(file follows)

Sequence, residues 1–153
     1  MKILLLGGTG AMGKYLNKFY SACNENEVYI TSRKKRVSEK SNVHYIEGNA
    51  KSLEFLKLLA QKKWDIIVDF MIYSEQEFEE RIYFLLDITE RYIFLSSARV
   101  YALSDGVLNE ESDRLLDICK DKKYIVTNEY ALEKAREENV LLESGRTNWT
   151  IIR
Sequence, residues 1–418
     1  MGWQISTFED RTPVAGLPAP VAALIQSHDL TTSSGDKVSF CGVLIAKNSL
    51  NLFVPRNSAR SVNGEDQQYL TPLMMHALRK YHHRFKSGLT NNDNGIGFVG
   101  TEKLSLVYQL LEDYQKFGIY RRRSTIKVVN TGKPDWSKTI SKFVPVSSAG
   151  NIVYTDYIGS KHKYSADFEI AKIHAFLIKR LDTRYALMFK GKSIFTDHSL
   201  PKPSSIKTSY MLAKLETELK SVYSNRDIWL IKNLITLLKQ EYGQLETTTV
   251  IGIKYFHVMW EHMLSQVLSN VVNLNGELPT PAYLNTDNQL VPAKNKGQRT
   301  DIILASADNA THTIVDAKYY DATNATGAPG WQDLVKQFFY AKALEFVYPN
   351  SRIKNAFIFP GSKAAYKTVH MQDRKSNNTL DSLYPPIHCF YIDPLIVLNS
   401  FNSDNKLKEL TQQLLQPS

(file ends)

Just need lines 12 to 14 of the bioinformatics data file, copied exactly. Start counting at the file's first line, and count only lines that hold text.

   251  IGIKYFHVMW EHMLSQVLSN VVNLNGELPT PAYLNTDNQL VPAKNKGQRT
   301  DIILASADNA THTIVDAKYY DATNATGAPG WQDLVKQFFY AKALEFVYPN
   351  SRIKNAFIFP GSKAAYKTVH MQDRKSNNTL DSLYPPIHCF YIDPLIVLNS